America’s intelligence czar, Dennis Blair, says that a “lack of language-qualified personnel has been a perennial problem for the Intelligence Community.”

Leon Panetta, President Barack Obama’s choice as CIA chief, has repeatedly spoken of the need for officers who “read, speak and understand foreign languages.”

President George W. Bush two years ago announced a National Security Language Initiative to “dramatically increase” the number of Americans learning, speaking, and teaching “critical need” foreign languages. That was followed by a five-year Strategic Human Capital Plan that pinpointed part of what is one of the biggest problems: “non-U.S. citizens who cannot meet our security requirements.”

DIFFICULT SECURITY CLEARANCE

That phrase leaves out the huge pool of American citizens who are native speakers of Farsi, Arabic and other languages deemed critical for gaining a better understanding of  opaque countries like Iran or penetrating al Qaeda and its affiliates.

The vetting process for a security clearance is almost as high a barrier for them as for non-citizens. For decades, dual citizenship and having close non-citizen family members were grounds for automatic disqualification from jobs that required a security clearance.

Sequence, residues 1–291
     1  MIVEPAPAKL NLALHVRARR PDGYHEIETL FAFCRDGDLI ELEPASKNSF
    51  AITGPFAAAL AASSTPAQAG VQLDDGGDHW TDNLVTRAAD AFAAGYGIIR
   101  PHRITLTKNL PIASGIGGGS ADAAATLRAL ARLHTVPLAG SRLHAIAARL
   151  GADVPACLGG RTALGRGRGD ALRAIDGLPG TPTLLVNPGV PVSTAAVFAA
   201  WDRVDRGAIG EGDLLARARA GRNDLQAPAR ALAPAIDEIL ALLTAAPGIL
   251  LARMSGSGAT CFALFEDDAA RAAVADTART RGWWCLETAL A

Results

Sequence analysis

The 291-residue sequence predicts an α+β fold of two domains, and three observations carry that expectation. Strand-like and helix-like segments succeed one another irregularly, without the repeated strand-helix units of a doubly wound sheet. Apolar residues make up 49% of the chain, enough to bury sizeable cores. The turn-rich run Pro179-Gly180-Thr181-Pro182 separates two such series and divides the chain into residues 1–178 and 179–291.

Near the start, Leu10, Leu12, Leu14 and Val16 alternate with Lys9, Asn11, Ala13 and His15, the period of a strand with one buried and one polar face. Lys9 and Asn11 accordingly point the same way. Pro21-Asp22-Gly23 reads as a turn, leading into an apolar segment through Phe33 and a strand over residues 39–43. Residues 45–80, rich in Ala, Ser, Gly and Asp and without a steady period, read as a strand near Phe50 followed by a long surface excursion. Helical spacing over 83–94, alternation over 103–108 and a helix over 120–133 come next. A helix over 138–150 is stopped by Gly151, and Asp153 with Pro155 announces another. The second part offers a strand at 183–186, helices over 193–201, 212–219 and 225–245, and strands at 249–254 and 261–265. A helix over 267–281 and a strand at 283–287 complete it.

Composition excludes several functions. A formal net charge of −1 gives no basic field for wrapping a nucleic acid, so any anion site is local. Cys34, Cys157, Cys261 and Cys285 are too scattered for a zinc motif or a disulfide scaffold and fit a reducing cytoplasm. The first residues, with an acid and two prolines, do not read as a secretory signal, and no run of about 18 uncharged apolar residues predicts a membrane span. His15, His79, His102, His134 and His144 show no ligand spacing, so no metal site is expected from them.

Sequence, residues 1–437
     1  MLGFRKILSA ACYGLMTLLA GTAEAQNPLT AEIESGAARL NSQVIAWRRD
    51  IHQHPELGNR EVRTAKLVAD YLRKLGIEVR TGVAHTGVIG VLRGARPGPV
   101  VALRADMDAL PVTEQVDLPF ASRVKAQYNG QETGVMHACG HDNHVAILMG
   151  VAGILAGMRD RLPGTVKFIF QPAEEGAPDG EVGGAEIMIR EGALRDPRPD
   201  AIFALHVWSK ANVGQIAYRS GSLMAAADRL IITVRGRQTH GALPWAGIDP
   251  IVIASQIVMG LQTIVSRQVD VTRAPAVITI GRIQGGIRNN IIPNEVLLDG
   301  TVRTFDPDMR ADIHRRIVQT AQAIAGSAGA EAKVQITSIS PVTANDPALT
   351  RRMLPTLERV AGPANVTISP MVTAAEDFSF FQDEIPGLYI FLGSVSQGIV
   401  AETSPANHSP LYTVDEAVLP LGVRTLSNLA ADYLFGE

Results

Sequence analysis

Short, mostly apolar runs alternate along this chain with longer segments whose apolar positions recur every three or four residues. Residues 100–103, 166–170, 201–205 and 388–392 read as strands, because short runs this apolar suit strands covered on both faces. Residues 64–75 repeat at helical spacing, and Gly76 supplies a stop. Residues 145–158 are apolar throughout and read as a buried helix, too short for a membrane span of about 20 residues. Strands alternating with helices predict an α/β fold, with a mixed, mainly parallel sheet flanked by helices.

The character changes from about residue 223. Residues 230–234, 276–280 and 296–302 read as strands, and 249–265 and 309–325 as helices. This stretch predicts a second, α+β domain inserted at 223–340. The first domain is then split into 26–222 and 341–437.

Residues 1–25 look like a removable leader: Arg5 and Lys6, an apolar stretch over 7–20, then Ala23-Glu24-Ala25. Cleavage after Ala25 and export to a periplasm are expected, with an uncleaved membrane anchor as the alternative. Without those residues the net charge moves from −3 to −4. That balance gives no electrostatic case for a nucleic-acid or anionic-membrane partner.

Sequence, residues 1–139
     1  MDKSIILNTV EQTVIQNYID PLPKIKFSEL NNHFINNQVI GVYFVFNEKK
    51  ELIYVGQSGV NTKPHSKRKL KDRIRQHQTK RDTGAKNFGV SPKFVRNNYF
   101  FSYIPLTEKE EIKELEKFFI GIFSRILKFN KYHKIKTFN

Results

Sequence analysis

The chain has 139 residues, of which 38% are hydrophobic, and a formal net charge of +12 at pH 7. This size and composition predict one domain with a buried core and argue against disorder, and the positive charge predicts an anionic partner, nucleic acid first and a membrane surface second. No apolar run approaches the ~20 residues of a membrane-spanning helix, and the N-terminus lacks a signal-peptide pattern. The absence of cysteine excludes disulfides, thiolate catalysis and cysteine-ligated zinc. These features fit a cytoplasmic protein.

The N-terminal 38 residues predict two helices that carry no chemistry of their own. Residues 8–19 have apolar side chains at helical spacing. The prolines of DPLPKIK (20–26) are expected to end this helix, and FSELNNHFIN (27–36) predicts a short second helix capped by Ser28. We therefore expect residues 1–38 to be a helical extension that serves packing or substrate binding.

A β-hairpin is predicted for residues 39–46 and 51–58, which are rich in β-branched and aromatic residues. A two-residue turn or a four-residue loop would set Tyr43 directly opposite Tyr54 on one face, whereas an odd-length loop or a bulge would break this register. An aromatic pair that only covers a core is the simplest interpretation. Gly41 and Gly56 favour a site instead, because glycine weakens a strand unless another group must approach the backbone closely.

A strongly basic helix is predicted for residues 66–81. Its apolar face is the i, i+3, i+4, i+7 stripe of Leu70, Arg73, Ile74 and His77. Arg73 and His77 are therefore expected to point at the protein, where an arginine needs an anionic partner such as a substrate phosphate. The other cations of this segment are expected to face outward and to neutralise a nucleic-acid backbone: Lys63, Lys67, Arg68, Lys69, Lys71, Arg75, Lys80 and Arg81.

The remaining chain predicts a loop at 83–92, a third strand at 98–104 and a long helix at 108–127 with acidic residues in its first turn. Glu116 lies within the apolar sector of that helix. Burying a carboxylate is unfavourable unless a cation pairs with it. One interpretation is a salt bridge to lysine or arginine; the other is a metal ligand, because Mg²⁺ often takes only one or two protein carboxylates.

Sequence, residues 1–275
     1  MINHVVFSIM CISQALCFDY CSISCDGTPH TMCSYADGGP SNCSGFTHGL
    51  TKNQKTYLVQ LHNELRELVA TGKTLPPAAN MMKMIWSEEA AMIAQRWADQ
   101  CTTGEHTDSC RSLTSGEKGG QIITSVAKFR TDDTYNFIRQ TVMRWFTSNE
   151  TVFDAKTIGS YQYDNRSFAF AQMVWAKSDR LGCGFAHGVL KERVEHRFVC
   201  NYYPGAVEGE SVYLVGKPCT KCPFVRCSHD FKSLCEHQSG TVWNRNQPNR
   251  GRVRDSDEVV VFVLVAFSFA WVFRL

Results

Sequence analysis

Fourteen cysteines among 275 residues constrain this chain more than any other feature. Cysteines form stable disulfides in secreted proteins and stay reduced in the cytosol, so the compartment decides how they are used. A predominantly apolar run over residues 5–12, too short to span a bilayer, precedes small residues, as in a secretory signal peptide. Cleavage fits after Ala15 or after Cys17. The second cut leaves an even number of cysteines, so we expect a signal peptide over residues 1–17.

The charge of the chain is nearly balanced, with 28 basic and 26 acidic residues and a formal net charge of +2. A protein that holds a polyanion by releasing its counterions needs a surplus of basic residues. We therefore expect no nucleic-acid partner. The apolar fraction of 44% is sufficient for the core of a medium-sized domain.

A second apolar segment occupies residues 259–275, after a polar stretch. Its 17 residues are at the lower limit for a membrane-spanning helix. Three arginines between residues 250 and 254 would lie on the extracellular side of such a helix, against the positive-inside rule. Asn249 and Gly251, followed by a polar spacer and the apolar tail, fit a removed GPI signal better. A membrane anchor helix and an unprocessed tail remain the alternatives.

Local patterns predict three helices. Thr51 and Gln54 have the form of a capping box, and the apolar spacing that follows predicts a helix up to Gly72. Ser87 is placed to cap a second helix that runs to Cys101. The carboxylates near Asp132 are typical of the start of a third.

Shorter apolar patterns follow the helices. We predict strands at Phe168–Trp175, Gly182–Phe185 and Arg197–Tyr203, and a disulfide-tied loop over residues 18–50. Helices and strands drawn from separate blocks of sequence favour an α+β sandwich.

That changed last October with a new directive that allows exceptions to be granted on a case-by-case basis when there is a “compelling need that is based upon specific national security
considerations.”

That requirement  is hard to meet for first-generation Americans who have close relatives living in Middle Eastern countries. The government fears they could be subject to blackmail or family pressure.

Added to this, there is “an underlying mistrust of Muslim Americans or Arab Americans in the national security area,” according to Frederick P. Hitz, a former inspector general of the CIA. In a recent book (Why Spy? Espionage in an Age of Uncertainty), Hitz termed this mistrust “short-sighted and a return to the attitude that enabled the United States to intern Japanese Americans during World War II.”

While the intelligence agencies, in the words of  Dennis Blair,  “continue to wrestle with clearing people who are native speakers of critical languages,”  the vetting process can take a year or more, somewhat of a disincentive even for potential recruits brimming with patriotic spirit.